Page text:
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How A Win In Colorado Actually Spells Trouble For Trump
The factual findings by the district court are damning, even if she let him off on a technicality
Late last Friday, a Colorado judge issued a ruling that Trump’s legal team cheered, at least initially. At issue was whether Trump could remain on the Colorado ballot as a presidential candidate, or whether he was barred by Section 3 of the 14th Amendment.
That section basically says no officer who previously swore an oath to support the Constitution, but engages in insurrection or rebellion against it, shall hold federal office. The judge ruled Trump was not barred from appearing on the state’s ballot. But here’s the curious thing: She reached that ruling after issuing a series of factual findings that are highly damaging for Trump.
Chief among them were these three: 1) Trump had engaged in insurrection on January 6th through incitement, 2) the First Amendment did not protect Trump’s speech, and 3) Trump specifically and unlawfully intended to disrupt the electoral certification of Biden’s victory.
But then, in a surprise move, she let Trump off the hook on what certainly feels to many like a technicality. She ruled Section 3 does not apply to the presidency because the drafters did not intend it to. She cited the fact that they had excluded mention of that office while including others in the section. And, rather bafflingly, she found Trump’s oath to “preserve, protect and defend” the Constitution did not mean he swore an oath to “support” it.
This is a rather tortured ruling. But it raises some important questions. Why didn’t the Court just dismiss the case on legal grounds? Why go through and make all these damning factual findings if she’s only going to toss the case?
And some legal observers are asking the next logical question: Doesn’t this set up an appeal that, if the ruling gets reversed on the law, looks very bad for Trump on the facts?
Let’s take a closer look.
What does Section 3 say?
Section 3 was enacted following the Civil War to put a check on the power of former Confederate officers. It did so by keeping them out of federal elected office. Here is the language of the section:
No person shall be a Senator or Representative in Congress, or elector of President and Vice-President, or hold any office, civil or military, under the United States, or under any State, who, having previously taken an oath, as a member of Congress, or as an officer of the United States, or as a member of any State legislature, or as an executive or judicial officer of any State, to support the Constitution of the United States, shall have engaged in insurrection or rebellion against the same, or given aid or comfort to the enemies thereof. But Congress may by a vote of two-thirds of each House, remove such disability.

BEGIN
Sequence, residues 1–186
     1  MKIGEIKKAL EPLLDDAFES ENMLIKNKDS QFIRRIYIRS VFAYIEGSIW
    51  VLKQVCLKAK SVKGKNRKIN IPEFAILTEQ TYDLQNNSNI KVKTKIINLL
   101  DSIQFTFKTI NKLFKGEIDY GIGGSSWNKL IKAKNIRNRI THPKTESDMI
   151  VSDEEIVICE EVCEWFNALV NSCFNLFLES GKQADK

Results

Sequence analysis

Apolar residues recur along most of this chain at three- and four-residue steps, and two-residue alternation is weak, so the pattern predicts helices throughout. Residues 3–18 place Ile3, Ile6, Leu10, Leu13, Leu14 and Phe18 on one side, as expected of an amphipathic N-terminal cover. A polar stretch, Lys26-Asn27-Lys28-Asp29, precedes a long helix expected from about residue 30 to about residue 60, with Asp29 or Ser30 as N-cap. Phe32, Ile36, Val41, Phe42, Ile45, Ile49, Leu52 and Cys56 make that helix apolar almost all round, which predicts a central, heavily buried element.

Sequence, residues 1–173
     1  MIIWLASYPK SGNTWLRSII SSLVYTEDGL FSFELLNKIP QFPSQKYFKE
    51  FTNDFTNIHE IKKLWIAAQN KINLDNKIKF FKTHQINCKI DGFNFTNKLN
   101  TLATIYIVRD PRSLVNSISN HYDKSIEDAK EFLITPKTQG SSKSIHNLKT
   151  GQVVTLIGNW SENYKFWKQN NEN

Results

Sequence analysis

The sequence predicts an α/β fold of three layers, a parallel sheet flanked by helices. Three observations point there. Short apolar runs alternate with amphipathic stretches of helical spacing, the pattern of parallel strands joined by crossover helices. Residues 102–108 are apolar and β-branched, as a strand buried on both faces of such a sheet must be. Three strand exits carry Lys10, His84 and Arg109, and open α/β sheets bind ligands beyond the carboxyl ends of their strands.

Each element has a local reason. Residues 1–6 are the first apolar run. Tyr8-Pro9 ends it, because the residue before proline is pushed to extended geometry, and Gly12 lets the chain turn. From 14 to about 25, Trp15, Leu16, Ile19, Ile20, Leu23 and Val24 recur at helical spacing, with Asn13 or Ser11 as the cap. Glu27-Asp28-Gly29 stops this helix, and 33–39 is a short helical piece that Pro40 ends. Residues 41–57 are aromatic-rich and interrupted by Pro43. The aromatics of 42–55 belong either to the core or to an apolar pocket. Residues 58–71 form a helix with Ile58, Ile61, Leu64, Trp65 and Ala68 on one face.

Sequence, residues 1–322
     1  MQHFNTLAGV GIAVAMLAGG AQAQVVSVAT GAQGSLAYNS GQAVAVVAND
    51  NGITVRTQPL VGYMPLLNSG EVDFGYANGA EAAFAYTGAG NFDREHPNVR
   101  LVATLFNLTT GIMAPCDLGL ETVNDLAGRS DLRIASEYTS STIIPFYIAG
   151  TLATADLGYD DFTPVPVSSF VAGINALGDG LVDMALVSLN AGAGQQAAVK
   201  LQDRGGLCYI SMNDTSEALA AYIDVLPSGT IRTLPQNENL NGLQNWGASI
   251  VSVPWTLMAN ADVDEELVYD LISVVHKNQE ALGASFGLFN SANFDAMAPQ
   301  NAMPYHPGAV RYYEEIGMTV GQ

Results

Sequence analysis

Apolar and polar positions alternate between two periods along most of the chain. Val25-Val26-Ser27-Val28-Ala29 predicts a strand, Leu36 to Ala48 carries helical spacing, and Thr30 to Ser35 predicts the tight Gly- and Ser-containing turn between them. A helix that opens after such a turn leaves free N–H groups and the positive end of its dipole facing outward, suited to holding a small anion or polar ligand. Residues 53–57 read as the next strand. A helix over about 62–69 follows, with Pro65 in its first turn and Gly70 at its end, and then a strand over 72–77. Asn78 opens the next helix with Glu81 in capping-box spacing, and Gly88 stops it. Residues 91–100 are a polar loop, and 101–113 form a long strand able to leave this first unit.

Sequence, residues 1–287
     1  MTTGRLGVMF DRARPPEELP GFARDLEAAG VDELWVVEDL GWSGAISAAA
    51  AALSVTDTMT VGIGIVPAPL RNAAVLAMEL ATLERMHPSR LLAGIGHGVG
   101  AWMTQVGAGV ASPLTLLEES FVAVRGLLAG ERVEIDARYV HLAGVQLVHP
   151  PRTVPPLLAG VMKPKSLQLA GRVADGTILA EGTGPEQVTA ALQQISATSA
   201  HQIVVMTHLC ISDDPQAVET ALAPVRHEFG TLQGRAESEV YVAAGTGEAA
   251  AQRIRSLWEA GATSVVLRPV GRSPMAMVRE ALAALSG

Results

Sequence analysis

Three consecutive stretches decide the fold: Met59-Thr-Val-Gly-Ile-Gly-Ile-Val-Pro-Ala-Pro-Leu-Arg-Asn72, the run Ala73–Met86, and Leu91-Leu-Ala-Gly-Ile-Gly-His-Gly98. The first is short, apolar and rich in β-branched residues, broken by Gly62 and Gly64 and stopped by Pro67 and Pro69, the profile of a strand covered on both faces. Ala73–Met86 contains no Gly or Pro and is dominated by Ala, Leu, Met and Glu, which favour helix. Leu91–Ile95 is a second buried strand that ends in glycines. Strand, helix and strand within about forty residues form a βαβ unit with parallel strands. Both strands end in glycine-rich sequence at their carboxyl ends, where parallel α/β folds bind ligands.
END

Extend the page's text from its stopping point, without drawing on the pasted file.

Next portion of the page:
Stripping it down to the part relevant to Trump, it reads:
No person shall…hold any office…who, having previously taken an oath…as an officer of the United States, to support the Constitution of the United States, shall have engaged in insurrection or rebellion against the same, or given aid or comfort to the enemies thereof.
How did the judge find that Trump isn’t covered by this?
The judge, Denver District Judge Sarah B. Wallace, reasoned that the section refers to some offices by name (Senator, Representative, elector) but does not mention the presidency. She found, therefore, that the drafters of the Section “did not intend to include the President of the United States.”
But there’s that word in there: “officer.” Isn’t the President of the United States an officer?
To be fair to the judge, there is some evidence that the term “officer” is quite specific, and that the Constitution limits the term to those who are appointed by the president—and that it does not include the president himself.
On the other hand, Article 2 begins by talking about the “Office” of the presidency. And it’s certainly clear in other contexts that one “officer” can appoint other “officers.” It happens all the time.
These contradictions, at least in the mind of Judge Wallace, raise a “close question” on whether Section 3 was intended to include the presidency, looking just at the term “officer” as it’s used throughout the rest of the Constitution. As legal observer Teri Kanefield noted, the judge did admit that it wasn’t clear to her, at least from the legislative record, why the drafters would have exempted the president when including every other federal officer. But in the end, the judge fell on the side of caution, not wanting to overstep her authority without unmistakable language.
She also took issue with the precise wording around an oath to “support the Constitution.” The president’s oath, on the other hand, is to “preserve, protect and defend” the Constitution.
That’s not “support,” according to her ruling. (I personally find this particular stretch a bit much.)
More broadly—and here’s the gist of it—Judge Wallace wrote, “Part of the Court’s decision is its reluctance to embrace an interpretation which would disqualify a presidential candidate without a clear, unmistakable indication that such is the intent of Section Three.”